Fri 20 Apr 2007
How I miss seeing the Milky Way from within Chapel Hill!
It’s kind of appropriate during National Dark Sky Week, a call to folks “in the United States are encouraged to turn out their unnecessary outdoor lights in order to temporarily reduce light pollution” that a recent comment by Craig O. on my post “Raleigh LEDs the Way” reminded me that this weekend – especially April 22nd between 1am and dawn – we’re going to experience the Lyrid Meteor showers.
How did a post on Raleigh’s deployment of LED-based lighting systems remind me of a meteor shower?
Well, if you read my first campaign letter in 2005 or saw one of my first appearances before Council (February, 2002) you might recall that I got more directly involved in Chapel Hill politics because of light pollution.
Starting just prior to the turn of the millennium, I tried numerous times to get the street light flooding the front yard and upper stories of our house with light pollution “fixed”. After years of foot dragging by a particular town manager, and well after my offer to purchase and pay for the installation of a proper fixture, I finally approached the “highest law in the land” – the Council – for redress.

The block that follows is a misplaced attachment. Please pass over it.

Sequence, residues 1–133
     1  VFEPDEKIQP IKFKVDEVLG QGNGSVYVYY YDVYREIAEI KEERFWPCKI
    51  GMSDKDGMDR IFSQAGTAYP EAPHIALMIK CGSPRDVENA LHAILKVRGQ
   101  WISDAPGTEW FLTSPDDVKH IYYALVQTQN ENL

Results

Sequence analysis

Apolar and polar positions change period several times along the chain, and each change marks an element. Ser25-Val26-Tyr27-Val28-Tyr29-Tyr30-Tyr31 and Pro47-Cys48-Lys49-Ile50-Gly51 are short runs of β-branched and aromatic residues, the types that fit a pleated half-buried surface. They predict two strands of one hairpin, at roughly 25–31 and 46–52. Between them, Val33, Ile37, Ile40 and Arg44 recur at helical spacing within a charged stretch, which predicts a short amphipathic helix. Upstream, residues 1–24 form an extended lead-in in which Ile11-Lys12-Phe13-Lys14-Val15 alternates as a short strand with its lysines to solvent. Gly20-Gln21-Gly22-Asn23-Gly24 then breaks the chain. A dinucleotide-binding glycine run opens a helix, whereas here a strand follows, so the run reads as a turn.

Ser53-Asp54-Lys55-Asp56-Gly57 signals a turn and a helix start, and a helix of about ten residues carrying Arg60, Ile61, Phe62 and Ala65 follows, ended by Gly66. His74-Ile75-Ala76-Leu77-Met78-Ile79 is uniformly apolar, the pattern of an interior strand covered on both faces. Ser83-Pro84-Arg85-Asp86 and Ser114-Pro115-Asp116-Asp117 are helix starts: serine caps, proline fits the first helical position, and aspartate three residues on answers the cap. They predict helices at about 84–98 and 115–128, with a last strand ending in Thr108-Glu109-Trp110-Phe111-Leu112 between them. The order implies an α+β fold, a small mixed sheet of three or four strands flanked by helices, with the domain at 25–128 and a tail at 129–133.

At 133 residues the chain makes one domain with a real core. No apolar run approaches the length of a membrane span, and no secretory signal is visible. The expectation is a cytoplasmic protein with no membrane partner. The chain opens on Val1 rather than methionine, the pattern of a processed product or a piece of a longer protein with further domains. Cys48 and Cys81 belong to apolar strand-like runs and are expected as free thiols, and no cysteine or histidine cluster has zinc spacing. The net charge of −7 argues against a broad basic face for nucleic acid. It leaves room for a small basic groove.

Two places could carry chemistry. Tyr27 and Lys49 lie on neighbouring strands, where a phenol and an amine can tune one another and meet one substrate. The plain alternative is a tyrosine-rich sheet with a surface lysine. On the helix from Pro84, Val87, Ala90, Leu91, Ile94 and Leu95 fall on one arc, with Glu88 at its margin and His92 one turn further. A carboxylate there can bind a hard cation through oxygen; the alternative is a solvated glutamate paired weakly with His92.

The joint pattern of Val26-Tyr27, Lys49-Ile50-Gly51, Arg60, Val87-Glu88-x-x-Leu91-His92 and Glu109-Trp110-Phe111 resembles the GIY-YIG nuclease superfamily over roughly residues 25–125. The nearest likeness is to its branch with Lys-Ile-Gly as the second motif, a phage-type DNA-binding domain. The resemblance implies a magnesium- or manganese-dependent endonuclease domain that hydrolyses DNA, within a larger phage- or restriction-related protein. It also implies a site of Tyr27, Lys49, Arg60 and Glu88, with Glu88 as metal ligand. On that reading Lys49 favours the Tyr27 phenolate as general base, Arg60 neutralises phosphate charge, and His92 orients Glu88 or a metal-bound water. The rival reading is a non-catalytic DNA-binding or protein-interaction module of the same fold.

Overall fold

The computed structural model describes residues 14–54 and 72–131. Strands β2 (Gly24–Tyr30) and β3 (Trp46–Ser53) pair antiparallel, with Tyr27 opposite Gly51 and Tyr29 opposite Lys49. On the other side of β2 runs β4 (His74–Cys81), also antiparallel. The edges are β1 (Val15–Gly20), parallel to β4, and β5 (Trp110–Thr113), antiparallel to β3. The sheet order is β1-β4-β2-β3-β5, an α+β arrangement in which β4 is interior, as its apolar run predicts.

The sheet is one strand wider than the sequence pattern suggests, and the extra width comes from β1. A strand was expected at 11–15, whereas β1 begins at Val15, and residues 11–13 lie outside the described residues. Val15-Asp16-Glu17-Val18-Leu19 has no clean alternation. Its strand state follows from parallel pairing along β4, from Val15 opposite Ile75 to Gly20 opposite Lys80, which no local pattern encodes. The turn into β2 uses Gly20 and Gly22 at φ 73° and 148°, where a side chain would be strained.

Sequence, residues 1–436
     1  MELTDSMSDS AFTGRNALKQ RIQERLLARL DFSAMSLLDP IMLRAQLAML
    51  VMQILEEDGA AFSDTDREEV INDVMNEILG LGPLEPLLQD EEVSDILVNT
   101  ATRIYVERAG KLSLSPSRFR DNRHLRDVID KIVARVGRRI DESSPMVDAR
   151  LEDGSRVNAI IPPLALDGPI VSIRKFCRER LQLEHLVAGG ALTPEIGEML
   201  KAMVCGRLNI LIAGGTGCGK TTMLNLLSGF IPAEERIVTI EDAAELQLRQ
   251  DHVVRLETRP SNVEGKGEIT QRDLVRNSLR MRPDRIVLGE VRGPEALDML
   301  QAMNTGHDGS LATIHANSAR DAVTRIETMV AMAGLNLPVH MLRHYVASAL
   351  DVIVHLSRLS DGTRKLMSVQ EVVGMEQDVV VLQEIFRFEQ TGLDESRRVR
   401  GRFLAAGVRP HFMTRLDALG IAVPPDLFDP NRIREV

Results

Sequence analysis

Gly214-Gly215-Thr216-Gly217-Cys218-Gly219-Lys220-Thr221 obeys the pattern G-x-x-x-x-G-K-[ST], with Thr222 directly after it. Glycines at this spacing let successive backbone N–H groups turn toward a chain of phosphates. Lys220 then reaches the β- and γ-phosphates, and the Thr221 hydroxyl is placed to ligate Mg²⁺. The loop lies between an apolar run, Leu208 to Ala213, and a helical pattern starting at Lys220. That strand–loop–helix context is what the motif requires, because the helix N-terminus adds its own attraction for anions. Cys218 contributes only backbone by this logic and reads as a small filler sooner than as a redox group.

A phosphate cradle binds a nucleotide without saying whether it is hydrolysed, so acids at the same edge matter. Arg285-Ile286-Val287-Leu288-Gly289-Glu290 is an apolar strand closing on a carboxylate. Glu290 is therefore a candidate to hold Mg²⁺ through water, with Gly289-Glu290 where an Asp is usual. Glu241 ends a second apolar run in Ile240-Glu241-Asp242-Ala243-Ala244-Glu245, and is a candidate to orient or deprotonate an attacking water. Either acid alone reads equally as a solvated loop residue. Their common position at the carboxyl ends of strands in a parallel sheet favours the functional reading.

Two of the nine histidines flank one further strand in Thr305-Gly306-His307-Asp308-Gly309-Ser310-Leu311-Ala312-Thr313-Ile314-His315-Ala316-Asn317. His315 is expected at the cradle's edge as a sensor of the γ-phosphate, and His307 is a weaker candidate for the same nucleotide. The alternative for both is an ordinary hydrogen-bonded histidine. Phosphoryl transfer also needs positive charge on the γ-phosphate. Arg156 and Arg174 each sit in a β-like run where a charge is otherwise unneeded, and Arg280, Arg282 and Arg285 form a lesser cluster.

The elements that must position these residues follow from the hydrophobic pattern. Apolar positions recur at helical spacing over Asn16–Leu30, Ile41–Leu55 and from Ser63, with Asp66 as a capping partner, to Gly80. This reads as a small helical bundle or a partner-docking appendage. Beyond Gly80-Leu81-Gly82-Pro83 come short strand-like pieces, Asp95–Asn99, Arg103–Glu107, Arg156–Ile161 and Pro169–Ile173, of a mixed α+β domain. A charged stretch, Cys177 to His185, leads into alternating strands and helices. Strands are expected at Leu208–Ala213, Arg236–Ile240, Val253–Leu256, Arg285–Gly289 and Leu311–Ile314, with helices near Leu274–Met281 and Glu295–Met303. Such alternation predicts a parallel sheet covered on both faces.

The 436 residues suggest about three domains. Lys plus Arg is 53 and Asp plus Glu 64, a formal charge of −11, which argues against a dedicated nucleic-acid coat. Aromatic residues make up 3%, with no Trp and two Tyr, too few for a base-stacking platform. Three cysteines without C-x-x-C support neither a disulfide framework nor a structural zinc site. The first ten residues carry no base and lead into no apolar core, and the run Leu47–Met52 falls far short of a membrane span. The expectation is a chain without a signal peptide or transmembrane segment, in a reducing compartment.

Seven years later, more than five after that first meeting with the Council, not only is that light still shining brightly into our night time world, the Town has added more.
I learned a lot from that experience. How much a Town staff can set public policy and mangle the Council’s agenda. How dysfunctional the balance of responsibility and authority between a Council and a Town Manager can be. How the temperament of our leadership can create a “mountain out of the mole hill” when it comes to fixing even smallest of issues – like a streetlight disrupting a citizen’s night time viewing pleasure.
On the plus side, I also learned one hell of a lot about proper municipal lighting, “green” strategies for safe illumination, the fabulous International Dark Skies initiative (whose recommendations on municipal lighting ordinances I tried at one point to get Council to adopt) and, incidentally, how to fight Town Hall on behalf of far more important issues (our 4th and 5th Constitutional rights, for instance).
Maybe it’s time to throw it back on the stack?
Why stop there, though, maybe I should take a run at Town sponsorship of an annual celebration of the night time sky?
One city that recently celebrated darkness was Sydney, Australia. Government officials and environmental groups there spearheaded a citywide “Earth Hour” on the evening of March 31st, during which some 50,000 households and 2,000 businesses voluntarily dimmed their lights. “It’s an hour of active, thoughtful darkness,” noted Australian actor Cate Blanchett, who was on hand for the dramatic demonstration. Organizers hope that Earth Hour will be observed throughout Australia next year.
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